[Interestingly I’m studying this controversial phenomenon at the Department of Linguistics at Aberystwyth University and my extraordinary discoveries wholeheartedly contradict the publicized findings regarding the relative difficulty of instantly translating sentences. My researchers developed a convenient contraption at http://www.aardvarkbusiness.net/tool that demonstrates that the hypothesis uniquely warrants credibility if the assumption that the preponderance of your words is not extended is unquestionable. Apologies for adopting a contradictory viewpoint but, theoretically speaking, lengthening the words can manufacture an incongruous statement that is virtually incomprehensible.
- Richard Shillcock and colleagues, propose that when recognizing words, the brain splits each word in half, probably because the brain splits the information received by each eye between the two hemispheres when we read. when we read. So, keeping letters in the appropriate half of the word reduces the difficulty of reading jumbled text. (Shillcock, R., Ellison, T.M. & Monaghan, P. (2000). Eye-fixation behaviour, lexical storage and visual word recognition in a split processing model.Psychological Review 107, 824-851.)
- In the viral example the letters often simply switch places with their immediate neighbor, like in “istlef“.
- If the letters can form multiple words, the results can be totally confusing (just like with incorrect spelling). This example is taken from Matt Davis’ blog:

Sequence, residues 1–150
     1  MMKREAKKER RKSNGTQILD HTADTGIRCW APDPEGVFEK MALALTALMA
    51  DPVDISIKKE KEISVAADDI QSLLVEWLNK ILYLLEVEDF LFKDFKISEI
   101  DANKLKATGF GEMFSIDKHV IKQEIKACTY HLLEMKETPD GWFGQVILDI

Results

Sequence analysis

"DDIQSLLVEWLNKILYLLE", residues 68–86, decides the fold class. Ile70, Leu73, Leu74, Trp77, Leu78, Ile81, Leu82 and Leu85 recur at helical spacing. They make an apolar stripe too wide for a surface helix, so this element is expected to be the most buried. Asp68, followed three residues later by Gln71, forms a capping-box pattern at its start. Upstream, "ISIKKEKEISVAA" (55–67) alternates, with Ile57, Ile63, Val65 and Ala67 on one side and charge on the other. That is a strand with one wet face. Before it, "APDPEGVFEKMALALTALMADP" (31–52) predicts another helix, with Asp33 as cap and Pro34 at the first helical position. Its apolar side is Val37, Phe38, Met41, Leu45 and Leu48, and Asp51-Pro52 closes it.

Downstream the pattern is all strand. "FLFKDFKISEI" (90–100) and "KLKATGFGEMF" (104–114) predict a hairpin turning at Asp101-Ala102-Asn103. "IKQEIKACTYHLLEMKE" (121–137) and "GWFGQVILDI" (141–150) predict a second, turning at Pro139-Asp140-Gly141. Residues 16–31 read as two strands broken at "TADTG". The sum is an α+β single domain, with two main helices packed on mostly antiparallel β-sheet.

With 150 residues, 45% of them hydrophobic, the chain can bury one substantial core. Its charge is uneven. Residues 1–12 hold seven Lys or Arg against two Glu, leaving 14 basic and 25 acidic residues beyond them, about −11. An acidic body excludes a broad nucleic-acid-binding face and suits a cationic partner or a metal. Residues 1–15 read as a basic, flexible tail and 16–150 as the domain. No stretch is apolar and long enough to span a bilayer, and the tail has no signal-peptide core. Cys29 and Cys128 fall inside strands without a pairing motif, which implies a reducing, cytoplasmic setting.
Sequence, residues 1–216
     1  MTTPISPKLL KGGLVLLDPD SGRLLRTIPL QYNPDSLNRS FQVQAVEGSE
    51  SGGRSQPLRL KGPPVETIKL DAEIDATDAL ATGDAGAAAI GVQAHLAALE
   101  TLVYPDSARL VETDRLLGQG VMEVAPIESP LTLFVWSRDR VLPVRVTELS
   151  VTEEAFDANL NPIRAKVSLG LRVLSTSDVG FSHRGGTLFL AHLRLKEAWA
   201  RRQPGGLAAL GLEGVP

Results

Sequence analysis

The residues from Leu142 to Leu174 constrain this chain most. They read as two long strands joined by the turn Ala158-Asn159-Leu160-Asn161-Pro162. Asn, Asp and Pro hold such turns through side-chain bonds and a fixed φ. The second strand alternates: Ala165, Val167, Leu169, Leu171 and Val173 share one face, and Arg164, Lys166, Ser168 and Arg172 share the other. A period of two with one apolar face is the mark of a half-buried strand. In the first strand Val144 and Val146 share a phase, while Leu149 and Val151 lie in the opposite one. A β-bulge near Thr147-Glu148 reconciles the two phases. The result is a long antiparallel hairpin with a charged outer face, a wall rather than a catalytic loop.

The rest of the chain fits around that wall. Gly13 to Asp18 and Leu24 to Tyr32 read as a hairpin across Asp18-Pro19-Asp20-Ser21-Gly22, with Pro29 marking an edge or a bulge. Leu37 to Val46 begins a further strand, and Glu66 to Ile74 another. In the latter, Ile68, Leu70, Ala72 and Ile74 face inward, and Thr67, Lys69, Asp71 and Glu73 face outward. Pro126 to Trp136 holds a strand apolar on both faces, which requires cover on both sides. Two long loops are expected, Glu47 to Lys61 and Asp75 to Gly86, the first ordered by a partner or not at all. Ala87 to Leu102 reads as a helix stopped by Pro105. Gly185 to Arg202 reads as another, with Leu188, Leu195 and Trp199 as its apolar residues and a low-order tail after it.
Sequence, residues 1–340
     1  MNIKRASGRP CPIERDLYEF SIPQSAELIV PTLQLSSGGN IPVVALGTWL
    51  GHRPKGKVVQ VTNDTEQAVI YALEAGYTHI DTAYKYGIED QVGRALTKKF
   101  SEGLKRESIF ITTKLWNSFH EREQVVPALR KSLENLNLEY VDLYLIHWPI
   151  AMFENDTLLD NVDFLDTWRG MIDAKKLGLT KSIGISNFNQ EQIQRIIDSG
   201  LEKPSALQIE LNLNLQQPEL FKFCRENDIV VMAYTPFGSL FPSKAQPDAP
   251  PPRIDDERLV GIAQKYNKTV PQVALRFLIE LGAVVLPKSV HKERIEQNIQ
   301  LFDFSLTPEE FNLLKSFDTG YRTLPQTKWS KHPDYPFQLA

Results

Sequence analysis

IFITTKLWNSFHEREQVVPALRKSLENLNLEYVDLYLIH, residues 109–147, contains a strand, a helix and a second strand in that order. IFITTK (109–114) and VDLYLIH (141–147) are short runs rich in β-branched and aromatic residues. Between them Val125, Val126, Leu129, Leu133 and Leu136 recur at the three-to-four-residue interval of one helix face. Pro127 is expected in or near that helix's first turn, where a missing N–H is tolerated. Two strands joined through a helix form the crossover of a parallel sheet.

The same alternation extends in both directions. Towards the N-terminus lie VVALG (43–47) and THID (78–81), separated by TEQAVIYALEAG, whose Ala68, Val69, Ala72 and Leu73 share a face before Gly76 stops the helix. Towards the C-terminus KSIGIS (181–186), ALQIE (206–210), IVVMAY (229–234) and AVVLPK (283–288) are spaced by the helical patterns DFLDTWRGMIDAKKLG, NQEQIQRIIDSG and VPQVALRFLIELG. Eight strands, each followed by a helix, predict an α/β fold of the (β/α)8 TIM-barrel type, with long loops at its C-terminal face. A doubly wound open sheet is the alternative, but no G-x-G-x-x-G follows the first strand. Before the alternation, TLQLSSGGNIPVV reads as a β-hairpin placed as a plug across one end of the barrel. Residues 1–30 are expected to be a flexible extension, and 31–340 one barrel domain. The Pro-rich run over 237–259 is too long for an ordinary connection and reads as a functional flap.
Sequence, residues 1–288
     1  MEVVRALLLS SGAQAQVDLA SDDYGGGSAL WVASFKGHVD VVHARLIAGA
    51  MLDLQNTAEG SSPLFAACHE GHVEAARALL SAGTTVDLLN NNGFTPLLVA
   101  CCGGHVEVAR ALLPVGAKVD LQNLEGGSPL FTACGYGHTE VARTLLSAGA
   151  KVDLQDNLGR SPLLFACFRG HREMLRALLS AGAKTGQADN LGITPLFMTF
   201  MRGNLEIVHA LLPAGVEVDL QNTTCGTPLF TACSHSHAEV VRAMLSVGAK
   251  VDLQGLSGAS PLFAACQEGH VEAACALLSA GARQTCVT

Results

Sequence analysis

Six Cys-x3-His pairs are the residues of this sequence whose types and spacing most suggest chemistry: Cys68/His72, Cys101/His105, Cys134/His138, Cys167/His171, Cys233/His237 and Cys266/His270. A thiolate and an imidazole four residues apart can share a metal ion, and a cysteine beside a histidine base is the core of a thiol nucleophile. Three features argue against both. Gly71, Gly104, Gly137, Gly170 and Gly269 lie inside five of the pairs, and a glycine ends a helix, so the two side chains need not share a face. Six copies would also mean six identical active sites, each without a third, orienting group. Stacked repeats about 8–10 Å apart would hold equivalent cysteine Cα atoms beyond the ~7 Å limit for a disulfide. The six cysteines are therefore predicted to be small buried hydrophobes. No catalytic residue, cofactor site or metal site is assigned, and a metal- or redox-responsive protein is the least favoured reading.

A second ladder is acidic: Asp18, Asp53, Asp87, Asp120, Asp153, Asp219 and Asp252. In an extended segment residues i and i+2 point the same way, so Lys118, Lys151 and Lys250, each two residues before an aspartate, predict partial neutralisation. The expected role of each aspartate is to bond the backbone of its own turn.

“The sprehas had ponits and patles”
This might come out as…
The sherpas had pitons and plates… The shapers had points and pleats… The seraphs had pintos and petals… The sphaers had pinots and palets… The sphears had potins and peltas. (palets: paleae (a part of a grass flower), peltas: shields, pinots: grapes, potins: copper alloys, sphaers, sphears: both old form of ‘spheres’)
- The cna yuo raed tihs text is fairly predictable. Jumbled texts that convey unexpected information or associations will take the reader on a much more difficult path.
- Maintaining the order of vowel sounds aids the brain substantially. If that additional cue is jumbled, the processing difficulty increases. This is why jumbled text works in most languages but is much harder in those that omit vowels from writing, like Hebrew or Arabic.
What it means
The fact that we can read misspellings doesn’t make them a good idea. Spelling conventions serve many purposes. It makes reading faster, clearer, and more effortless. It also identifies you as an educated individual who is able to pay attention to detail.
People tend to be surprised that they can read the jumbled text at decent speed. Why are they surprised? Did nobody ever tell them that the potential of their brain is nearly infinite?
When will our students learn in school that they possess a brain so powerful they can do most anything if only they invest the time and energy required to develop the skills?
About the Author
Rosevita Warda is president of LearnThat Foundation and manages www.LearnThatWord.org, a free online vocabulary and spelling coaching solution. Get 10% off premium features by entering “grammarly” into the “How did you hear about us” field.